Virginia has about thirty thousand people in its prisons, and for each one it spends $2.10 a day on food. Now, one inmate is suing, alleging the daily diet puts him at high risk for obesity, cancer and many chronic conditions.
Joshua Wood has been in prison for 11 years. He was convicted of murder when he was 20, but hopes to someday be paroled. That’s why he’s trying to stay healthy, but he says it isn’t easy given the food prisoners are fed. . He sent away for literature from the U.S. Department of Agriculture and the Food and Drug Administration, then concluded the prison diet was too high in processed meat.
“Almost every meat currently served to us is a processed meat, which has been either smoked, slated or cured or has some kind of preservative added to it," he explains. "Those type of meats the World Health Organization has considered carcinogens.”
He also points to an abundance of processed grains.
“When you just calculate the amount of bread items alone you're getting twice the recommended daily amount as outlined by the USDA in their dietary guidelines at breakfast every morning,” Wood says.
So he is suing the state in federal court, asking prison kitchens to stop serving processed meats, to stop counting juice as an acceptable alternative to fruit, to share recipes and ingredient labels with inmates and to conform to the USDA’s dietary guidelines.
The state asked to have the case dismissed, saying there is no evidence Wood has suffered physical harm, and he is not forced to eat the food served to him. It cites an Appeals Court ruling that the constitution does not guarantee a pleasant culinary experience for prisoners.
Editor's note: We asked the Virginia Department of Corrections for a response. One day after our story aired we received this statement:
The Virginia Department of Corrections follows high dietary standards, producing menus that meet or exceed the recommended dietary allowances as defined by the Food and Nutrition Board of the National Academy of Sciences. The Department employs a statewide dietician who develops and analyzes the various menus served to offenders. Standard menus offer a daily caloric content of an estimated 2500-2600 calories and are based on the needs of the average VADOC male offender.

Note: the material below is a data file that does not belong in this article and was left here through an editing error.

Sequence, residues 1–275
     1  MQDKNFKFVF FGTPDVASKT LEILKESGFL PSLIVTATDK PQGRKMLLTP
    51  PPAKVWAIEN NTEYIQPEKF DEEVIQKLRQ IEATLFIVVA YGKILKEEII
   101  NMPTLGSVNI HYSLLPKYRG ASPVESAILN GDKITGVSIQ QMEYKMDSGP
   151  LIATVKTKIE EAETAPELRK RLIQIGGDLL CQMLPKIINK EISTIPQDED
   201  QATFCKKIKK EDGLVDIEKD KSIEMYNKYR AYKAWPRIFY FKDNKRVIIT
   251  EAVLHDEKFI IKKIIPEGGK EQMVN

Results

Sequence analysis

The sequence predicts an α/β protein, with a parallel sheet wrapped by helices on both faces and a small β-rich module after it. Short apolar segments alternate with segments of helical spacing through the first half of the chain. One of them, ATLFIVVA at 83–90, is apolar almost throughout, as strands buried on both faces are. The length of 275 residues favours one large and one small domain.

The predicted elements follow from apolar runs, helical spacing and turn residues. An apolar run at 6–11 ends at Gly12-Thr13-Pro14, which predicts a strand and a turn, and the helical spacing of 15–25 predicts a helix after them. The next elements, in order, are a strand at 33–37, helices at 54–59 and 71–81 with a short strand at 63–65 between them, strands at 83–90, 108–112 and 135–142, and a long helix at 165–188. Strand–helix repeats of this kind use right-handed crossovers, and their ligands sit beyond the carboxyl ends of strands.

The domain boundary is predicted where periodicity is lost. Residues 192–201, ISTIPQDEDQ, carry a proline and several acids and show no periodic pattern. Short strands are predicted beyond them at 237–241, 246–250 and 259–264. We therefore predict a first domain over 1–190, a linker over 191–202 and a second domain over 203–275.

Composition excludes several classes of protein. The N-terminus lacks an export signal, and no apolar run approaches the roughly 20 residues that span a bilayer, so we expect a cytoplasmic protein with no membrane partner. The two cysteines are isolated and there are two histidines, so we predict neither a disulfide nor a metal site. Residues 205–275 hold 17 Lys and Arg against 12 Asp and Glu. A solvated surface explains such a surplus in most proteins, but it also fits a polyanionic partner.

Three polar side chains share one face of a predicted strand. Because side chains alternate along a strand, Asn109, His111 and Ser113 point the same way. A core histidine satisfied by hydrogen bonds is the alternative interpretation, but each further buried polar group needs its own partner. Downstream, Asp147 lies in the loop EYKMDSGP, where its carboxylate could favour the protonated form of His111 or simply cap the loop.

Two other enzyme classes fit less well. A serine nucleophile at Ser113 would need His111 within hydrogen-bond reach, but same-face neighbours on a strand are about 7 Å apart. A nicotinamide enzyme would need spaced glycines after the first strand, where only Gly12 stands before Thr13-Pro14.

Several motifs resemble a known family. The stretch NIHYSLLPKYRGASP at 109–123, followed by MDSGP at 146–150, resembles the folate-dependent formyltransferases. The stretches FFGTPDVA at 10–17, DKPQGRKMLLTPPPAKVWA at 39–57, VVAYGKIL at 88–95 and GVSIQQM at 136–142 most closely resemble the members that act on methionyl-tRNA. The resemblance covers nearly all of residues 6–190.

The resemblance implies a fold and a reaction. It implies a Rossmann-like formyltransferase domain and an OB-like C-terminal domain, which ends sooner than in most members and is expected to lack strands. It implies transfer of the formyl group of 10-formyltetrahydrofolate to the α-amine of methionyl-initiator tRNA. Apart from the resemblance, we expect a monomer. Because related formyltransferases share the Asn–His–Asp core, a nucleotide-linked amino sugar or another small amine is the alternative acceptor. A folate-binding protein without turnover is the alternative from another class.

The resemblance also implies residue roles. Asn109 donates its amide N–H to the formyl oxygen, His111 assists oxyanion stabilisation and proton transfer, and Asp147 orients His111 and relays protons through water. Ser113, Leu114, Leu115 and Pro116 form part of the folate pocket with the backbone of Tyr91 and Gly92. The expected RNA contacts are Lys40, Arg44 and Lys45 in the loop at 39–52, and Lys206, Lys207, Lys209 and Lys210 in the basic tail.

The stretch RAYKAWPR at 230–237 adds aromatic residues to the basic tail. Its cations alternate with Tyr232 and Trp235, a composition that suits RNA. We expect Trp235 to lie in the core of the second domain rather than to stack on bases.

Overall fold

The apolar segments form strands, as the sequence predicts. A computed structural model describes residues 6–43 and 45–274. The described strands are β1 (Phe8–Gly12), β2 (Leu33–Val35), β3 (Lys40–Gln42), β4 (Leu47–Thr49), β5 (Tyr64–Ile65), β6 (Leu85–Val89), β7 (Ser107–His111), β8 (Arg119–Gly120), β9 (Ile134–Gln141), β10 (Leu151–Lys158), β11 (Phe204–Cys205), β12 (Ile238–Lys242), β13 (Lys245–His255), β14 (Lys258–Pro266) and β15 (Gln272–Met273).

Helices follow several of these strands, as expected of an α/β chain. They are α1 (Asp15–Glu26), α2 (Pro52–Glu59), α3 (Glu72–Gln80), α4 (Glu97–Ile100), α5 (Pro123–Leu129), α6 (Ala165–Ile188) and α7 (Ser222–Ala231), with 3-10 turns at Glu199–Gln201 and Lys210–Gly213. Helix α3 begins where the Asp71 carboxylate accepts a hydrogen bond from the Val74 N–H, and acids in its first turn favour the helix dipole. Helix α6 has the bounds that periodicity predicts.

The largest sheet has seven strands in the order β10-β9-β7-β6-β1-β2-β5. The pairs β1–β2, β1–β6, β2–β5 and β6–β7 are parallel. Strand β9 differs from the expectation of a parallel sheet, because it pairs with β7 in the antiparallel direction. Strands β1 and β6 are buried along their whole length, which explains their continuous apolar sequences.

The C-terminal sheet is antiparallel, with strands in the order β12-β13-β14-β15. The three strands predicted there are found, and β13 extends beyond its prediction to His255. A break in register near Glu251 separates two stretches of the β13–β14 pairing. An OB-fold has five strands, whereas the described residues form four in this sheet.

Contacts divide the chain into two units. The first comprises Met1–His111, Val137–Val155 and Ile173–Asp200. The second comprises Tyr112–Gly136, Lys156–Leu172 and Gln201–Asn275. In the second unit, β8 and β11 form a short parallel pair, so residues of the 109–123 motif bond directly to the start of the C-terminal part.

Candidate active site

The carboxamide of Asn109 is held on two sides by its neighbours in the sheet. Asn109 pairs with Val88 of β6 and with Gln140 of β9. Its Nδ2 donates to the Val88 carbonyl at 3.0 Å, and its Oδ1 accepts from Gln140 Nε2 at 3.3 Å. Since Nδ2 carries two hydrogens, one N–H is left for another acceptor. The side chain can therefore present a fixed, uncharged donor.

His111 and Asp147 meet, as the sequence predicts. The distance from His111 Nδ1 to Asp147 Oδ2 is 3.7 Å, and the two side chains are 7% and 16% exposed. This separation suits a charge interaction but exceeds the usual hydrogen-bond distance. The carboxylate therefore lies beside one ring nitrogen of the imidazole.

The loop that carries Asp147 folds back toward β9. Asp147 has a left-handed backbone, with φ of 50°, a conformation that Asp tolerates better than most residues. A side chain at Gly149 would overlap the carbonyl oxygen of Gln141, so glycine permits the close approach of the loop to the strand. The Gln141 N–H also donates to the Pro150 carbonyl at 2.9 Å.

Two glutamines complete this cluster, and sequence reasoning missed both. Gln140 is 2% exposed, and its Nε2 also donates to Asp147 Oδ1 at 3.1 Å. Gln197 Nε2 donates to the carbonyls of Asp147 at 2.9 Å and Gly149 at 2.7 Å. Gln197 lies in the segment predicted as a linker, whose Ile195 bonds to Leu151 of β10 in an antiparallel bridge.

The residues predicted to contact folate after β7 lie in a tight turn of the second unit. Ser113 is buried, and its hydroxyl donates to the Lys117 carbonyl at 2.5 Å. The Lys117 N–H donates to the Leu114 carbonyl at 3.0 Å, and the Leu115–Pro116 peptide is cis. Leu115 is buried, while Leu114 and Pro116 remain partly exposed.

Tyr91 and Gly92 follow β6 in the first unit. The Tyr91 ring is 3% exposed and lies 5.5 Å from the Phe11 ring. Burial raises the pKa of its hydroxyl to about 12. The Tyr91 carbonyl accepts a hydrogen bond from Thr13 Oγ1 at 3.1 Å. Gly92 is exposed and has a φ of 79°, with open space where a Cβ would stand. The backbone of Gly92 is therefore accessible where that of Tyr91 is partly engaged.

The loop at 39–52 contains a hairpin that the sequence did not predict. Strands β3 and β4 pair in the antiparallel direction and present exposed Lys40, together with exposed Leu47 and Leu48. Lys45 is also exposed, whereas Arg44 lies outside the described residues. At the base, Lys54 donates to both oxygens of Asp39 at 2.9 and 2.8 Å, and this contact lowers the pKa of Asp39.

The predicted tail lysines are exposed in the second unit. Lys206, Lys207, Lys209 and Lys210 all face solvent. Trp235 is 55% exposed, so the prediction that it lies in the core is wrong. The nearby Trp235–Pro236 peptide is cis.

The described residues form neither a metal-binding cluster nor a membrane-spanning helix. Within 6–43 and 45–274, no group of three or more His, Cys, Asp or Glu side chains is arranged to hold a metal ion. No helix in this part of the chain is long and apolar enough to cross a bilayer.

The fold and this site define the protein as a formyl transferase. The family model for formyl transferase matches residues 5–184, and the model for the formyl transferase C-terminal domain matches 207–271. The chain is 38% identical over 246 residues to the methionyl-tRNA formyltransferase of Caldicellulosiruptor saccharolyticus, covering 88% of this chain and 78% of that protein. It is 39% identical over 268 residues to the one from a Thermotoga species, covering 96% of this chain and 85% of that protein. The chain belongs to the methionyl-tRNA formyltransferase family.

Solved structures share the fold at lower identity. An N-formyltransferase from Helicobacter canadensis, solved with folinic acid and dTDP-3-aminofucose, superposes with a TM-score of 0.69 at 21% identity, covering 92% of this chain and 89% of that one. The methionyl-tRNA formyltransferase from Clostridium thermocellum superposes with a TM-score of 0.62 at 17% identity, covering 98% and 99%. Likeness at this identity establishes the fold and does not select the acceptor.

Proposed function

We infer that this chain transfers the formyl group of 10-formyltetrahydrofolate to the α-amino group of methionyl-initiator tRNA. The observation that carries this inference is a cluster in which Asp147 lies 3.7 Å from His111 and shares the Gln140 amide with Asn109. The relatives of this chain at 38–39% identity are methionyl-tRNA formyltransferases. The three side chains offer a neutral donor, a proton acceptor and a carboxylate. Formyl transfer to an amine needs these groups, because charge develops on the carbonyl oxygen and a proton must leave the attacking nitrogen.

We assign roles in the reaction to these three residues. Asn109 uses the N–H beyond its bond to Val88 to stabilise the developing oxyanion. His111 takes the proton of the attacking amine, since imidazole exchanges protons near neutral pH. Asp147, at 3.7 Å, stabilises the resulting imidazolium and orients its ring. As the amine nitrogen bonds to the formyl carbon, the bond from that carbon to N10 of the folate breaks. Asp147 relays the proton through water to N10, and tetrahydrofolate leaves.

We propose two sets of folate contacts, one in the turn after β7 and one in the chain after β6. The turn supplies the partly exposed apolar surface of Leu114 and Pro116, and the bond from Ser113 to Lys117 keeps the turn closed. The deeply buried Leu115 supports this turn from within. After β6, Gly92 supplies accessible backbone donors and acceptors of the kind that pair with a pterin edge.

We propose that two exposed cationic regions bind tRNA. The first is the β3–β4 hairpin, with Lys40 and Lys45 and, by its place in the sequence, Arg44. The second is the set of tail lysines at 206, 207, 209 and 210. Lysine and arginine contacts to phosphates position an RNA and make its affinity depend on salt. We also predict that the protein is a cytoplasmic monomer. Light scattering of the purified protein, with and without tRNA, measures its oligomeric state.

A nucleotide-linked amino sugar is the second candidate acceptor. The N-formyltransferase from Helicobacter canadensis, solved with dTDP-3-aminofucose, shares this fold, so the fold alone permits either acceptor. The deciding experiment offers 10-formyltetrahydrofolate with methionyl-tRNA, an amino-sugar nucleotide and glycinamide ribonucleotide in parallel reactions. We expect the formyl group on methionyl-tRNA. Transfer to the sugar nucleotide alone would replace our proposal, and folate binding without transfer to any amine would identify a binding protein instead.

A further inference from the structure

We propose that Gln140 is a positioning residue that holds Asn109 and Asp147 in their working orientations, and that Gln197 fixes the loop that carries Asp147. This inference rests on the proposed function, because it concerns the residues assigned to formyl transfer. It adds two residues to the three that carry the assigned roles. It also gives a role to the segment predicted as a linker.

Additionally, offender meals include a wealth of fruits and vegetables, much of which is grown by the VADOC. As you may know, considerable acreage is dedicated to farming efforts that produce a rich bounty of dairy, grain and vegetable products. VADOC farms about 600 acres of vegetables which, thanks to its flash freeze operation, are incorporated in institutional meals throughout the year.
The Department also provides a variety special meals to meet health and religious concerns. These include, for instance, diabetic/carbohydrate controlled meals, vegetarian options and meals to accommodate those who have special dental/medical issues requiring special, liquid or soft foods. VADOC offers the common fare program which provides an appropriate religious diet that meets or exceeds minimum daily nutritional requirements.
VADOC also promotes nutrition education via a poster campaign that utilizes disease-specific 14” x 22” placards distributed to each institution. These nutrition education posters are placed in areas visible to offenders: dining, medical and offender living areas. Offenders who are unable to read or comprehend the educational materials have them read or explained to them.